Yes Harry just a little blue sky thinking. Sometimes peoples interests are aligned. With Trump in the White house (love him or loath him) he like a deal and therefore just possibly things might change.

GWM
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GWM

Yes less toss out our fellow brits on the job scrapheap and give our tax money to foreigners.

Mark
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Mark

I don’t think you are seeing the bigger picture GWM. This is just me thinking how it might work if we could persuade politicians and workers across NATO (and say the Aussies etc.) to produce more (efficiently) for the same cost & effort. A steady stream of work and product for everyone at a reasonable cost. Your response highlights to me exactly why it can never work.

T.S
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I don’t see that ever happening mark, you would effectively be sending what are highly successful companies in many countries down the pan by saying their specialist work can now only be done in another country by a competing foreign firm. The uproar the politicians would face would be too much for them to handle. I personally think our ship building is in a good place providing they get some steady orders. Our ship building companies have streamlined because of the low orders and are almost competitive now despite surviving on very small numbers, and the vessels being built seem… Read more »

Mark
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Mark

I am suggesting the UK stick to what it is good at i.e. carriers, escorts etc. Partnership countries might be much better in totally different area. We buy from them and they buy from us but only where it makes sense for both sides to do so. Supply ships are maybe one area we don’t want to specialise in.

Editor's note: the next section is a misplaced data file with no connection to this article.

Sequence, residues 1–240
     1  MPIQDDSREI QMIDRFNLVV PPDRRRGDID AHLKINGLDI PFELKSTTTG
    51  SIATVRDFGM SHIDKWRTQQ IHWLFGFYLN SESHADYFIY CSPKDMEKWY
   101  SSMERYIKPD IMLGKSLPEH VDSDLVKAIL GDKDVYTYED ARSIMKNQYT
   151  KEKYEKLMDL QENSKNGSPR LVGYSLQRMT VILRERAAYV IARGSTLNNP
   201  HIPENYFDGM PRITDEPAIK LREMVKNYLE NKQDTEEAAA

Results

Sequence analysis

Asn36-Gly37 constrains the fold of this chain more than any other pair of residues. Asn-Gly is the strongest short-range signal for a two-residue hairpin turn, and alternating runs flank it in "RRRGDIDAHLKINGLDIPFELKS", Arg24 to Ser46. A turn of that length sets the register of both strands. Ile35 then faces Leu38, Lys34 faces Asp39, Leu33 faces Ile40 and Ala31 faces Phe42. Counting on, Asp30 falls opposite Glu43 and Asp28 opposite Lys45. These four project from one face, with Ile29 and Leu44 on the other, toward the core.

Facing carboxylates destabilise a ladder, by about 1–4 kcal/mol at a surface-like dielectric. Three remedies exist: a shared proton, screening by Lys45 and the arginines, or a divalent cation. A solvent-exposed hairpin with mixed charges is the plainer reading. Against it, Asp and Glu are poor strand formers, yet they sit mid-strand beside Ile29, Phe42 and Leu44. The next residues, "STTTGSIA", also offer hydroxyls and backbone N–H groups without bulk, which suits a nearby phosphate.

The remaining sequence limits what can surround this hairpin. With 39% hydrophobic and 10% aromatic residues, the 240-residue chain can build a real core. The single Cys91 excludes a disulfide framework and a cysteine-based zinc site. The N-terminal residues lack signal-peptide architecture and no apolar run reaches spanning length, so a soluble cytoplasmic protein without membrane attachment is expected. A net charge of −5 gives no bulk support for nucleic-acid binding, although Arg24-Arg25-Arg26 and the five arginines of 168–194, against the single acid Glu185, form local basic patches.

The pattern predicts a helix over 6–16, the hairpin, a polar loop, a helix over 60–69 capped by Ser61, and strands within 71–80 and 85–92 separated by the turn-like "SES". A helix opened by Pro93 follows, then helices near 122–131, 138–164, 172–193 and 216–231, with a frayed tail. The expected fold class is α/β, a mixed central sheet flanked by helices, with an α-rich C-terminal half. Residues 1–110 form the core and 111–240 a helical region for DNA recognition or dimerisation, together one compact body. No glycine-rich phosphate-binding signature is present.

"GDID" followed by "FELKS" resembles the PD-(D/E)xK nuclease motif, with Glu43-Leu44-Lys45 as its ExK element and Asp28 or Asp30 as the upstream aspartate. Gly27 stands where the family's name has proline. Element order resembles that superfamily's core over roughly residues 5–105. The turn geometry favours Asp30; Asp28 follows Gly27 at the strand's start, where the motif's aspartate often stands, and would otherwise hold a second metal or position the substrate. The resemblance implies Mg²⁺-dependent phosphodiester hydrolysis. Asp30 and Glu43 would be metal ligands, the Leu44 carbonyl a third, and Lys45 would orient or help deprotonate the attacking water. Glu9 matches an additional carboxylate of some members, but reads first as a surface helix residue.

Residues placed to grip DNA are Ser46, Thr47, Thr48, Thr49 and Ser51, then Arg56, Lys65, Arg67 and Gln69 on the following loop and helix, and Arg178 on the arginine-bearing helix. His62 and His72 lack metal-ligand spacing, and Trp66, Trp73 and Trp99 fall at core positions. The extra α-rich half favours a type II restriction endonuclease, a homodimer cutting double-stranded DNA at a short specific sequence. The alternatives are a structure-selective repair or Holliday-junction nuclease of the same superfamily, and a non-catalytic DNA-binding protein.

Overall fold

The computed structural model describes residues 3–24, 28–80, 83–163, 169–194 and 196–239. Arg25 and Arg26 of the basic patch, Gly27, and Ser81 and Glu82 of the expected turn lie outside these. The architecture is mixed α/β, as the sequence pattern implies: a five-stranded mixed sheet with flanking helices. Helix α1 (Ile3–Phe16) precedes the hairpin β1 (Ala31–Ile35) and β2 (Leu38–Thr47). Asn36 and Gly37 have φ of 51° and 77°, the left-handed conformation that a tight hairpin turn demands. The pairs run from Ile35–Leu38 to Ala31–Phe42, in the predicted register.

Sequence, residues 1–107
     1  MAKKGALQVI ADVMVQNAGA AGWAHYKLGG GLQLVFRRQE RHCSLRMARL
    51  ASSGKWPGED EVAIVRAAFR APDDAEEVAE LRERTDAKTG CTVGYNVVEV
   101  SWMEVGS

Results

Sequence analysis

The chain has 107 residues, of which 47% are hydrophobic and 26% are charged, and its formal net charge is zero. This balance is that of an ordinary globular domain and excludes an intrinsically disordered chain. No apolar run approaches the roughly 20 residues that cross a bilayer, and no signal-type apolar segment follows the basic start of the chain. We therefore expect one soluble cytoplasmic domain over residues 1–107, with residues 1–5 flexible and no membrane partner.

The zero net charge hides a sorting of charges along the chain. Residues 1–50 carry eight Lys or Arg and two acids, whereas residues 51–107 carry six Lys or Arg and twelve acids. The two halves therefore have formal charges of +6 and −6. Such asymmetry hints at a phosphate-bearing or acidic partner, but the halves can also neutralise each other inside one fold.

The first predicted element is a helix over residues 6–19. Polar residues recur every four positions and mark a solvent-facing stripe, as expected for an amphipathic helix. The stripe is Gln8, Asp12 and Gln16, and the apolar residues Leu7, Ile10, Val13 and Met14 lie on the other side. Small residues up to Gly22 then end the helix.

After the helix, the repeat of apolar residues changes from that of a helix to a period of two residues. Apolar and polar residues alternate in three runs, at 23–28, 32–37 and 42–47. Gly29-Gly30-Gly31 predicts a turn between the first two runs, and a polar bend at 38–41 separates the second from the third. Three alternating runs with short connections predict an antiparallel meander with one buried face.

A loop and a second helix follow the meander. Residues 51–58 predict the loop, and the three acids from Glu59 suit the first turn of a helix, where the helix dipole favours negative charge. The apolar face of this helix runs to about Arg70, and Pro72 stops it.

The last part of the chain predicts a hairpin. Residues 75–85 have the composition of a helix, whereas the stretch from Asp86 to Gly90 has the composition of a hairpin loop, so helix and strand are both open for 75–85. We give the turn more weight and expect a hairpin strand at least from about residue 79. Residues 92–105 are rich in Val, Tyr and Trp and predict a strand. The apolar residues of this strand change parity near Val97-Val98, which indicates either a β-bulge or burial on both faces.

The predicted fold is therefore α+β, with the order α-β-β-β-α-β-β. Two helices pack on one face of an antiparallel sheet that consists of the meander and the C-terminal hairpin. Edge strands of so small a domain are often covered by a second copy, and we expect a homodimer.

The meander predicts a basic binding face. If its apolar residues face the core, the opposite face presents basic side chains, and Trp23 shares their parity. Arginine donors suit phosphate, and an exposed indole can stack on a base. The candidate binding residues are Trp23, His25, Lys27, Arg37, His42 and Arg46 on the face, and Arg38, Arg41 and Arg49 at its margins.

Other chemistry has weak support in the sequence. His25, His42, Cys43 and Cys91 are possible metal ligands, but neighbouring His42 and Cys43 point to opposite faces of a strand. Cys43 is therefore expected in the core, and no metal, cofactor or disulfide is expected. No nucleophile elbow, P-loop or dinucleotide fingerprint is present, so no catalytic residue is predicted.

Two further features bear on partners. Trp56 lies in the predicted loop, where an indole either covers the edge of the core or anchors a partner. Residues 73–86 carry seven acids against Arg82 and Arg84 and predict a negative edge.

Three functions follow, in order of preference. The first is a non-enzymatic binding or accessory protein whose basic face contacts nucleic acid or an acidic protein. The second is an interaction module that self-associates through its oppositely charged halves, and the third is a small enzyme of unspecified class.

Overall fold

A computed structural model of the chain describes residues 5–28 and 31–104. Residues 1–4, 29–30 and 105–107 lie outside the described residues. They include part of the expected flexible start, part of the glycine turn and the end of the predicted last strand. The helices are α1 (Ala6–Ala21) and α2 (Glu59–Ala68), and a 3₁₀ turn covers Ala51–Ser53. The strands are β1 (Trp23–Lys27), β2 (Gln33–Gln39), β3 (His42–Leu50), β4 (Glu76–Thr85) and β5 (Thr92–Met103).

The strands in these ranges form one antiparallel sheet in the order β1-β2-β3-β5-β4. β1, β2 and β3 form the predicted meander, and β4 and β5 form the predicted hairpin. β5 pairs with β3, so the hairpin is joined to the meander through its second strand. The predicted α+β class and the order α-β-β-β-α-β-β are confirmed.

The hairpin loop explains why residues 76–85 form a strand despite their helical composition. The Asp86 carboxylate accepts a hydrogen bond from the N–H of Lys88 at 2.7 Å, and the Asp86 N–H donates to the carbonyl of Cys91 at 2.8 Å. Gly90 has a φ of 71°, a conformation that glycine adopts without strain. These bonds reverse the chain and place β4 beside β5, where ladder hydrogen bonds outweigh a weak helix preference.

GWM
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GWM

I’ve worked in industry all my life for a global company and my experience is each country protects its own apart from ours.No big picture to be seen if we can build it here we should if not then to the lowest bidder.

Expat
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Expat

So we built the carriers and that lead to this highly skilled workforce part of which ended up building an overpriced OPV that had so many faults it failed see trials and had to undergo extensive rework, go figure. Unions as I recall weren’t very vocal on the subject. Are they interested in delivering quality ships to Navy or just maintaining membership and making political statements.

Dan
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Dan

Expat – I believe that BAE blamed subcontractors that had been given the final outfitting work for the faults.

Expat
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Expat

So part of the highly skilled 20,000 in the supply chain?

Dan
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Dan

I think the implication was that it wasn’t any of their skilled workers that were to blame, but who knows?

Mr Bell
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Mr Bell

The UK should state the MARS ships are military warfighting vessels. They should only be built in the UK. Other nations would never farm out their precious ship building to other nations benefit. Ditto the littoral warfare ships. They should be based on tide class tanker hulls and running gear and built in UK. 2 of these ships initially but if RFA Argus about to be scrapped then a 3rd hull as primary casualty receiving ship and air training will be required. The type 26 unit cost must have come down. Therefore order back upto 12-13 hulls. Then just 6… Read more »

Pacman27
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Pacman27

Mr Bell We should build them here, the NSS is all about drumbeat and despite the fact I keep getting accused of fantasy fleets, my plan to have an 80 ship fleet (inc RFA) and a massive investment in smaller enabling systems, does mean we have the capability to have a steady drumbeat A bit like the foreign aid budget, the UK is more interested in being seen meeting targets or agreements than actually doing the right thing, this has to stop. Our Foreign aid budget could help build 3 humanitarian aid ships (tide class amphib in all but name)… Read more »